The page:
Peyronie's (pay-roe-NEEZ) disease is a noncancerous condition resulting from fibrous scar tissue that develops on the penis and causes curved, painful erections. Penises vary in shape and size, and having a curved erection isn't necessarily a cause for concern. But Peyronie's disease causes a significant bend or pain in some men.
This can prevent you from having sex or might make it difficult to get or maintain an erection (erectile dysfunction). For many men, Peyronie's disease also causes stress and anxiety. Penile shortening is another common concern.
Peyronie's disease rarely goes away on its own. In most men with Peyronie's disease, the condition will remain as is or worsen. Early treatment soon after developing the condition may keep it from getting worse or even improve symptoms. Even if you've had the condition for some time, treatment may help improve bothersome symptoms, such as pain, curvature and penile shortening.
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Peyronie's disease signs and symptoms might appear suddenly or develop gradually. The most common signs and symptoms include:
- Scar tissue. The scar tissue associated with Peyronie's disease — called plaque but different from plaque that can build up in blood vessels — can be felt under the skin of the penis as flat lumps or a band of hard tissue.
- A significant bend to the penis. Your penis might curve upward or downward or bend to one side.
- Erection problems. Peyronie's disease might cause problems getting or maintaining an erection (erectile dysfunction). But, often men report erectile dysfunction before the beginning of Peyronie's disease symptoms.
- Shortening of the penis. Your penis might become shorter as a result of Peyronie's disease.
- Pain. You might have penile pain, with or without an erection.
- Other penile deformity. In some men with Peyronie's disease, the erect penis might have narrowing, indentations or even an hourglass-like appearance, with a tight, narrow band around the shaft.
The curvature and penile shortening associated with Peyronie's disease might gradually worsen. At some point, however, the condition typically stabilizes after three to 12 months or so.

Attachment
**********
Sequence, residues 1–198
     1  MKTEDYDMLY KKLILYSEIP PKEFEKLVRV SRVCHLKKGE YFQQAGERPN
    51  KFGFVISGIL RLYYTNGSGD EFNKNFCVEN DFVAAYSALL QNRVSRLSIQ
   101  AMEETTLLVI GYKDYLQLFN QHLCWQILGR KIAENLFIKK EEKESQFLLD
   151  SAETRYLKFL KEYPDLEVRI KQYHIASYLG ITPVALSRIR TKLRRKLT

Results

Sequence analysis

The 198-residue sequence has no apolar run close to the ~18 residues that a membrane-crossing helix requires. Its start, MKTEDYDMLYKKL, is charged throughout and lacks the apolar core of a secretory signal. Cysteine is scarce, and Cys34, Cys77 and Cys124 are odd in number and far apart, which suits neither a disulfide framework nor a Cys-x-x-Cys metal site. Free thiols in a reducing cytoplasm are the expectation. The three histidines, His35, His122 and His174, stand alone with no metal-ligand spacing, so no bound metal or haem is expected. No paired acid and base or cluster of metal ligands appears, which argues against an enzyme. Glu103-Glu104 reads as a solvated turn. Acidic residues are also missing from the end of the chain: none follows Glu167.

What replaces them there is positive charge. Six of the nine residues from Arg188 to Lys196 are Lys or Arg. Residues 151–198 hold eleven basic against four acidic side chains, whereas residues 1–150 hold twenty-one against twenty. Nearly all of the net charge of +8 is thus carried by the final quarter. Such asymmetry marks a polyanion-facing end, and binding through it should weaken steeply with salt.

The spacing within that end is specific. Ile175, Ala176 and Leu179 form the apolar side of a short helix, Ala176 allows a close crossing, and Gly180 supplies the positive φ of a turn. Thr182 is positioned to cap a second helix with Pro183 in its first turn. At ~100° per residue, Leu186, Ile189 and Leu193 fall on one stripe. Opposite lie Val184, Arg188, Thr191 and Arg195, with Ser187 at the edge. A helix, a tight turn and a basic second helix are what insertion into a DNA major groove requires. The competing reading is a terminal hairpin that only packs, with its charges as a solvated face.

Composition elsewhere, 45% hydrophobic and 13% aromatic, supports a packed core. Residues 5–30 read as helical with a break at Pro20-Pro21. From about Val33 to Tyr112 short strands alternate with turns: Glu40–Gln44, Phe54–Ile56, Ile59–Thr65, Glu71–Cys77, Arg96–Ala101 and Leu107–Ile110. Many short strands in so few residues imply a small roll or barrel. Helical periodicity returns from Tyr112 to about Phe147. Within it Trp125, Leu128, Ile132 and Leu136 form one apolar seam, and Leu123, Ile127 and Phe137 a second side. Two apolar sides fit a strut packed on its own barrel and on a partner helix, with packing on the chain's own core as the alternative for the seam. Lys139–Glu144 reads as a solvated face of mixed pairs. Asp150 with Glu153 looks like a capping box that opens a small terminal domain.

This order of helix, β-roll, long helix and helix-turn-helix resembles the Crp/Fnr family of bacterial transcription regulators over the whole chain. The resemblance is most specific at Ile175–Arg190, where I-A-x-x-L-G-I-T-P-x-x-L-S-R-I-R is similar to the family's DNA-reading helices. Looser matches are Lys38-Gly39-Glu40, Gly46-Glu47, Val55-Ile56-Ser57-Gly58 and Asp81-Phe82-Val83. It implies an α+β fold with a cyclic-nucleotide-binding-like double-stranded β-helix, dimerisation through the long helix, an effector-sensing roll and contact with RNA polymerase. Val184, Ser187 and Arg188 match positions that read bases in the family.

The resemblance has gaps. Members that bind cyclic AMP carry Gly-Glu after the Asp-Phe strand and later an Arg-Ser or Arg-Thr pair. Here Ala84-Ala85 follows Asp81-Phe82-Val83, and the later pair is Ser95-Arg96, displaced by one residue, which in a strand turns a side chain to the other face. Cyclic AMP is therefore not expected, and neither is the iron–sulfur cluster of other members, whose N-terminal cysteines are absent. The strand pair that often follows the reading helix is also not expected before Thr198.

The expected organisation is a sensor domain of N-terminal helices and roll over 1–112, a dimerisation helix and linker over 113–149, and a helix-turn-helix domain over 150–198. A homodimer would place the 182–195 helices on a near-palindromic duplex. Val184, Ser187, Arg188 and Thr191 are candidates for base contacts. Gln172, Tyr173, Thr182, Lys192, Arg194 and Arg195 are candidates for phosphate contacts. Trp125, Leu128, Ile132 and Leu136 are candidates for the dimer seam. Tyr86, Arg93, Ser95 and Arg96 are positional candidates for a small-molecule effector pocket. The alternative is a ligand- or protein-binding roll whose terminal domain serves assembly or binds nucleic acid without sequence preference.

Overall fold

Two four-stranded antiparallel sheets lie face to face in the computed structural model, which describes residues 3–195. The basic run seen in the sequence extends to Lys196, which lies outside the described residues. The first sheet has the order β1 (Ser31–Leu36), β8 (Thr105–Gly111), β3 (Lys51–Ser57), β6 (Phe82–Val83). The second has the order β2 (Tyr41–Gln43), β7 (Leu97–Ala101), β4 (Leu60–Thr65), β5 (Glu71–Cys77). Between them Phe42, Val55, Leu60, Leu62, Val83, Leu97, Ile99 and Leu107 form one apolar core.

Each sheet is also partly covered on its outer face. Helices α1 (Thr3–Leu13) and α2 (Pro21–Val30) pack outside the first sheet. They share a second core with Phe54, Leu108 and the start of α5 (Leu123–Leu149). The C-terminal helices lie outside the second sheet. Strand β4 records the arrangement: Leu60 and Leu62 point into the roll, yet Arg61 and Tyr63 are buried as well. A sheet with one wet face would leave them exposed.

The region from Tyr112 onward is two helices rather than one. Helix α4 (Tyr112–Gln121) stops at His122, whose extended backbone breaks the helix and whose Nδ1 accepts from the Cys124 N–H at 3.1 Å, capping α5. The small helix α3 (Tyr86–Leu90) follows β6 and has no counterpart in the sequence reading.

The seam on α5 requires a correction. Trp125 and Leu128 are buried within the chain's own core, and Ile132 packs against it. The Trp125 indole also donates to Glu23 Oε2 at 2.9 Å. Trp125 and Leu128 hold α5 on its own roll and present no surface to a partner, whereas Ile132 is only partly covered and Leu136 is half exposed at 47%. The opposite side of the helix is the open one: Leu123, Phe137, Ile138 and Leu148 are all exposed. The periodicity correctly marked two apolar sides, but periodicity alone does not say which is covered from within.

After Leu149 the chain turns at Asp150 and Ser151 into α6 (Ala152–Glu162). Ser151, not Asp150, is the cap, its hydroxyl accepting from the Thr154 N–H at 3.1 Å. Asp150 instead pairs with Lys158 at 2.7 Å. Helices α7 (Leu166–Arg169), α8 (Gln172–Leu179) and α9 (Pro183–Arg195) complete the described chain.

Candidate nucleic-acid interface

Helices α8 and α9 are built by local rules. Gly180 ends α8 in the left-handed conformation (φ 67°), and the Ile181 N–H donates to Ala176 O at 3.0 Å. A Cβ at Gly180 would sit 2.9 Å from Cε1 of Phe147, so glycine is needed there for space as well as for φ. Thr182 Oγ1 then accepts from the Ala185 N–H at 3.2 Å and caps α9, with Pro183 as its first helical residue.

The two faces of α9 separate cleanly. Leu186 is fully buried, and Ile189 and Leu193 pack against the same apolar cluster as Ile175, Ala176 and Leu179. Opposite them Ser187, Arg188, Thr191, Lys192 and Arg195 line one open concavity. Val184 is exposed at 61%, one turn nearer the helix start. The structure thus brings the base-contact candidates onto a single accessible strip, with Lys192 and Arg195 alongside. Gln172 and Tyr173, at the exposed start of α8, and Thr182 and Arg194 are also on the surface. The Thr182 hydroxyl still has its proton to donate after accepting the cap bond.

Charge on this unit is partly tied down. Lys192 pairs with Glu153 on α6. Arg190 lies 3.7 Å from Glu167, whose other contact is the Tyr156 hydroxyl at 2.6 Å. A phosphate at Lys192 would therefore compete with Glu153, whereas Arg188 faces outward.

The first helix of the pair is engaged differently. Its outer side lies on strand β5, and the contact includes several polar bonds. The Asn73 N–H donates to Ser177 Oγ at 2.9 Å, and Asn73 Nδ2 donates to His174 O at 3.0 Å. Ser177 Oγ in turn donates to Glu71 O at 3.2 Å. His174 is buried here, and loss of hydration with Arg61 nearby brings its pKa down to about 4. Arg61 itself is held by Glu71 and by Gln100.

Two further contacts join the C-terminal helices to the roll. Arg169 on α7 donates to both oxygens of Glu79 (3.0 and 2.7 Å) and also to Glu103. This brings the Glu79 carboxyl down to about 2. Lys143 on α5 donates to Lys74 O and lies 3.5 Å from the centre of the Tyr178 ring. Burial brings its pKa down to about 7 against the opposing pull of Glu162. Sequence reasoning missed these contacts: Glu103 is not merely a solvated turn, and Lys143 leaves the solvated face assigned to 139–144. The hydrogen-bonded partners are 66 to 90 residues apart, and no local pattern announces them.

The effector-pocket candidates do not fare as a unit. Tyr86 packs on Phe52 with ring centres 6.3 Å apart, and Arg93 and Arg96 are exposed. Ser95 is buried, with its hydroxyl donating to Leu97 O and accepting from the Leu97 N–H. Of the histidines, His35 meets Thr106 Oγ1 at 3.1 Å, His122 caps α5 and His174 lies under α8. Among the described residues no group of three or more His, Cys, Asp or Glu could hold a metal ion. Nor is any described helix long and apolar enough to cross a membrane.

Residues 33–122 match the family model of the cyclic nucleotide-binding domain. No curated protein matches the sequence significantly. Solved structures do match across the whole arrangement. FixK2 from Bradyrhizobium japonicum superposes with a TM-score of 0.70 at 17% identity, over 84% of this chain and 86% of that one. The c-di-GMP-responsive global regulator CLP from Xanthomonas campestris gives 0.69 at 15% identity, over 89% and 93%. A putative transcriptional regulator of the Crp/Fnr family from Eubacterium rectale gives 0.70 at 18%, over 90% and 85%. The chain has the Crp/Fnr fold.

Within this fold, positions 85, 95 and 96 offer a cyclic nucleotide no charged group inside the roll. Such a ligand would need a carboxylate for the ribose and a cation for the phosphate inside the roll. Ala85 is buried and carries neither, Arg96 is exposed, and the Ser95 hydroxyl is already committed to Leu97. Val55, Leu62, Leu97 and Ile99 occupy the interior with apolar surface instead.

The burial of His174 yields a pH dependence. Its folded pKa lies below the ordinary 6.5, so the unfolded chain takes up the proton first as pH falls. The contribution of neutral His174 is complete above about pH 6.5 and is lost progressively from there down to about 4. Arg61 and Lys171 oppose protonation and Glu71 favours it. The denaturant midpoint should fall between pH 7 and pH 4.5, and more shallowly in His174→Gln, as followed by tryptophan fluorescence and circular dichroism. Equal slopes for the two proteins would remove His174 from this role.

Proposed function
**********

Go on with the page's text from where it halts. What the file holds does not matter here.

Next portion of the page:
Pain during erections usually improves within one to two years, but the scar tissue, penile shortening and curvature often remain. In some men, both the curvature and pain associated with Peyronie's disease improve without treatment.
When to see a doctor
See your doctor as soon as possible after you notice signs or symptoms of Peyronie's disease. Early treatment gives you the best chance to improve the condition — or prevent it from getting worse. If you've had the condition for some time, you may wish to see a doctor if the pain, curvature, length or other deformities bother you or your partner.
Flaccid and erect penis
The penis contains two cylindrical, spongelike structures (corpora cavernosa). During sexual arousal, nerve impulses increase blood flow to both of these cylinders. This sudden influx of blood causes an erection by expanding, straightening and stiffening the penis.
The cause of Peyronie's disease isn't completely understood, but a number of factors appear to be involved.
It's thought Peyronie's disease generally results from repeated injury to the penis. For example, the penis might be damaged during sex, athletic activity or as the result of an accident. However, most often, no specific trauma to the penis is recalled.
During the healing process after injury to the penis, scar tissue forms in a disorganized manner. This can lead to a nodule you can feel or development of curvature.
Each side of the penis contains a spongelike tube (corpus cavernosum) that contains many tiny blood vessels. Each of the corpora cavernosa is encased in a sheath of elastic tissue called the tunica albuginea (TOO-nih-kuh al-BYOO-JIN-e-uh), which stretches during an erection.
When you become sexually aroused, blood flow to these chambers increases. As the chambers fill with blood, the penis expands, straightens and stiffens into an erection.
In Peyronie's disease, when the penis becomes erect, the region with the scar tissue doesn't stretch, and the penis bends or becomes disfigured and possibly painful.
In some men, Peyronie's disease comes on gradually and doesn't seem to be related to an injury. Researchers are investigating whether Peyronie's disease might be linked to an inherited trait or certain health conditions.
Minor injury to the penis doesn't always lead to Peyronie's disease. However, various factors can contribute to poor wound healing and scar tissue buildup that might play a role in Peyronie's disease. These include:
- Heredity. If a family member has Peyronie's disease, you have an increased risk of the condition.
- Connective tissue disorders. Men who have certain connective tissue disorders appear to have an increased risk of developing Peyronie's disease. For example, a number of men who have Peyronie's disease also have a cordlike thickening across the palm that causes the fingers to pull inward (Dupuytren's contracture).
- Age. Peyronie's disease can occur in men of any age, but the prevalence of the condition increases with age, especially for men in their 50s and 60s. Curvature in younger men is less often due to Peyronie's disease and is more commonly called congenital penile curvature. A small amount of curvature in younger men is normal and not concerning.
Other factors — including certain health conditions, smoking and some types of prostate surgery — might be linked to Peyronie's disease.
Complications of Peyronie's disease might include:
- Inability to have sexual intercourse
- Difficulty achieving or maintaining an erection (erectile dysfunction)
- Anxiety or stress about sexual abilities or the appearance of your penis
- Stress on your relationship with your sexual partner
- Difficulty fathering a child, because intercourse is difficult or impossible
- Reduced penis length
- Penile pain